Don’t waste that waste


Several ways exist to dispose of household food waste, but few of them are as convenient as Breville’s FoodCycler®. Metropol’s gadget guru Ian Knott puts the clever product through its paces.

 

 

Not everybody has the space for, or time to nurture, a worm farm or compost bin to dispose of food scraps. And we all know how quickly the green organics bin can fill up after a couple of hours gardening, leaving no room for leftovers. Noisy and smelly waste disposal units aren’t everybody’s preferred option either.

So what other options are there to reduce the volume of household food scraps? Enter the FoodCycler®, from Breville.

The FoodCycler® slots on to the bench of any spacious kitchen, or into the laundry or garage if you are strapped for space and turns food waste into odourless EcoChips™ in as little as four hours. These dehydrated chips can then be dug directly into the garden for a terrific sustainable compost.

The unit’s bucket holds 2L of food waste and can take pretty much anything you throw into it – fruit, vegetables, bread, meat, chicken bones, egg shells etc. The unit then dehydrates, then pulverises and cools the waste into chips that amount about an 80 percent reduction in volume.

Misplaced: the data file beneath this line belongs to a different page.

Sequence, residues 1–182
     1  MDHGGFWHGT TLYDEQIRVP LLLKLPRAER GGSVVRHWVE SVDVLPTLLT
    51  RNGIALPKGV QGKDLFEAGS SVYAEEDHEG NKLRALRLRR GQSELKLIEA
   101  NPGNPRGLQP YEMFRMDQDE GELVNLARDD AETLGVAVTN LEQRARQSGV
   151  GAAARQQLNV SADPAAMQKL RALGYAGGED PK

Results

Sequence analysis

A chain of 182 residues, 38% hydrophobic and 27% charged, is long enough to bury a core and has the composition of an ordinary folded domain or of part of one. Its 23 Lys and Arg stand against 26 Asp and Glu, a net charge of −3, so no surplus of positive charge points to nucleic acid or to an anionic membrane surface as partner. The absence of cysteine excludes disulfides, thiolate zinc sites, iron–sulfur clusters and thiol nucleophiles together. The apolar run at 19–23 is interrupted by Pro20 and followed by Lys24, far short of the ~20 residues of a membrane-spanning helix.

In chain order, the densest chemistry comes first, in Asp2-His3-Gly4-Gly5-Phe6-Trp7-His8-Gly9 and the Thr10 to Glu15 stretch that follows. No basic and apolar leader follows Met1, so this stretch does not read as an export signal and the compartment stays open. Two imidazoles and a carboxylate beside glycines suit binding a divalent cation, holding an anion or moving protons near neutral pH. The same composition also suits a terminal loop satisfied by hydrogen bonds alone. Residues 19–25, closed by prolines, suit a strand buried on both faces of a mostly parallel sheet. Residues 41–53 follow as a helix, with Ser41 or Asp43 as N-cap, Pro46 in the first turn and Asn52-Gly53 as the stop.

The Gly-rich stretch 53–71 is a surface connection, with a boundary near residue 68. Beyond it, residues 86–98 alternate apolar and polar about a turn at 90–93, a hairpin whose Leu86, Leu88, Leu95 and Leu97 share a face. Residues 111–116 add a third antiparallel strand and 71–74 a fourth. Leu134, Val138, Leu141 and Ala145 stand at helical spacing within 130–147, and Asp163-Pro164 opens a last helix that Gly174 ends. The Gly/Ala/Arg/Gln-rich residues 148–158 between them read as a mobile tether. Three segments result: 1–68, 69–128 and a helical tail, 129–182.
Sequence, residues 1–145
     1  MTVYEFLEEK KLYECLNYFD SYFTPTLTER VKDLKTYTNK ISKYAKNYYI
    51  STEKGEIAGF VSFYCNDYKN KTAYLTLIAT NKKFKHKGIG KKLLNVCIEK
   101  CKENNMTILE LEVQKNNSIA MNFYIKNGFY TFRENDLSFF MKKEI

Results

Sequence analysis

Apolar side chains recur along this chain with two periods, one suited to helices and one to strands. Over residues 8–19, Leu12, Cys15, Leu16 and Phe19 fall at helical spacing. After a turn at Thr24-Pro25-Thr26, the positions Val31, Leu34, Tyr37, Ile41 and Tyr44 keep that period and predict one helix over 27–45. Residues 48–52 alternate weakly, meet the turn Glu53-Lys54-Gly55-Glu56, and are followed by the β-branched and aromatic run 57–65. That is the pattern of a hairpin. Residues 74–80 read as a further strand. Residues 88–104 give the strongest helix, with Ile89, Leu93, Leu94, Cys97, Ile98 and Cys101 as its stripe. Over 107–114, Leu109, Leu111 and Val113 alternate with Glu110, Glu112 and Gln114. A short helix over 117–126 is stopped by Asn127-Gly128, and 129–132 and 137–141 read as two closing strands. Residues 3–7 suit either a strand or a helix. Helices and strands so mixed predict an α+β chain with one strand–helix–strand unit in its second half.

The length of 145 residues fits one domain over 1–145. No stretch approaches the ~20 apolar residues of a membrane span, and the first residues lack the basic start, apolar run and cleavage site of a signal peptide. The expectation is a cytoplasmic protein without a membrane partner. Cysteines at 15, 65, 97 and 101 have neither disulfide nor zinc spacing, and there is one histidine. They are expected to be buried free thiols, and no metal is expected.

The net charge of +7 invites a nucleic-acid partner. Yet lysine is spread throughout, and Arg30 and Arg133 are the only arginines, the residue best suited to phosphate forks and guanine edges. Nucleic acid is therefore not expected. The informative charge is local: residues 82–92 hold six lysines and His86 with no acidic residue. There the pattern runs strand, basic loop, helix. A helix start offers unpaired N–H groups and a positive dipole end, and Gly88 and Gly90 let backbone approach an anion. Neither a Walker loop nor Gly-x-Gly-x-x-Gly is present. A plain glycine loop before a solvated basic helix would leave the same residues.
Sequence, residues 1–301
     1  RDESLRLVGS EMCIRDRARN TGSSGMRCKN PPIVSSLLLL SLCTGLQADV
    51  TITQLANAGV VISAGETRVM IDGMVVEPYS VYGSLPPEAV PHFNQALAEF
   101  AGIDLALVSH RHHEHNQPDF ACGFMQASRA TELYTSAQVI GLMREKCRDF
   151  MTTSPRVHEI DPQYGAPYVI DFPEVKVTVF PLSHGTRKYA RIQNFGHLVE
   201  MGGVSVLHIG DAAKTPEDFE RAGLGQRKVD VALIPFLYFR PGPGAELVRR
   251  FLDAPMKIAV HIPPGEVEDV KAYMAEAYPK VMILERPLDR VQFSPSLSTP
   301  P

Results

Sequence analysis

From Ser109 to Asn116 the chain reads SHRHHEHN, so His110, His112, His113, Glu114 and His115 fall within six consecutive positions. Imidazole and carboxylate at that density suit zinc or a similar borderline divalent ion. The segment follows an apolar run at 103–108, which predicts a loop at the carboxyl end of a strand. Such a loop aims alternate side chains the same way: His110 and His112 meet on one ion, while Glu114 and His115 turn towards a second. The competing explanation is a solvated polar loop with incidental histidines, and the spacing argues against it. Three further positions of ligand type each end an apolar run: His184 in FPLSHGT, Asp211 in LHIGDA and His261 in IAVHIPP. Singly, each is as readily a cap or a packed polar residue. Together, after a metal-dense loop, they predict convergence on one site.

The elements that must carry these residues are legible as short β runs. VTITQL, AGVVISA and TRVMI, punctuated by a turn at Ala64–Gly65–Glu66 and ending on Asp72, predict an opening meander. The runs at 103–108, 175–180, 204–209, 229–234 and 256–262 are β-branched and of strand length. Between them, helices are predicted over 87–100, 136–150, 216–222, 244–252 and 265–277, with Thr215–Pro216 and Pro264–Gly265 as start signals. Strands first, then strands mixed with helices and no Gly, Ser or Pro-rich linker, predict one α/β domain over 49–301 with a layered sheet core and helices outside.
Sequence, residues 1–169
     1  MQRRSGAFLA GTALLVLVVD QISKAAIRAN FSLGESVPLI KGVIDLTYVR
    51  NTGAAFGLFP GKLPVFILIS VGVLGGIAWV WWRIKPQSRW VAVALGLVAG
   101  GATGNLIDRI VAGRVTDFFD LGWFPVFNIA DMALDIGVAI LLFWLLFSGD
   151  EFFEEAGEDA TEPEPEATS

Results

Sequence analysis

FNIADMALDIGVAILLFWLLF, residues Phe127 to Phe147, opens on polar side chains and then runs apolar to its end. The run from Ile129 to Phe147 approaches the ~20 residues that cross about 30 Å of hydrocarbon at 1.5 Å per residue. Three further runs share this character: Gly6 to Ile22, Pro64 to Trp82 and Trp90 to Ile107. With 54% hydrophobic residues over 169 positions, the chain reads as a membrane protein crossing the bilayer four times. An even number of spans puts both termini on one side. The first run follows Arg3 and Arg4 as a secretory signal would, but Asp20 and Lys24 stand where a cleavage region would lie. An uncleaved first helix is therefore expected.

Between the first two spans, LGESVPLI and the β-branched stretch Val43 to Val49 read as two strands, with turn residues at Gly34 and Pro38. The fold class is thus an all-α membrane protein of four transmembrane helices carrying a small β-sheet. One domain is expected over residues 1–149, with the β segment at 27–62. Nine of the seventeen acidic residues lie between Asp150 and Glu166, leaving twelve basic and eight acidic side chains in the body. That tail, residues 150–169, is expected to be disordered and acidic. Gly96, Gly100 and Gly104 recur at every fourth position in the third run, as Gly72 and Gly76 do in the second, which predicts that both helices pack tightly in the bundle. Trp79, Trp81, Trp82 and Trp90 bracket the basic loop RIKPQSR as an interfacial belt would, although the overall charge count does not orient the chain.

You may think that the process sounds like a noisy one – but the FoodCycler® is extremely quiet, not to mention energy efficient, with the built-in filters eliminating any odours.

The only odour we experienced when using the FoodCycler® was a faint smell of freshly baked biscuits when opening the lid after the process had finished.

Cleaning the bucket is simple – pop it in the dishwasher, or a wipe-out with warm, soapy water usually gets it ready for the next use.

The resulting EcoChips™ can then be dug directly into the garden or into pot plants.

Just be wary of digging it in properly to discourage pests or your dog from eating them – they are, after all, just jerky snacks made from leftovers!

 

Pros:

A great way to reduce and reuse your food waste.

Quiet, economic and odourless.

Frees up your organics bin

Cons:

Pricey initial outlay ($599.95)

May encourage dogs digging in the garden (I’m looking at you labradors!)


 

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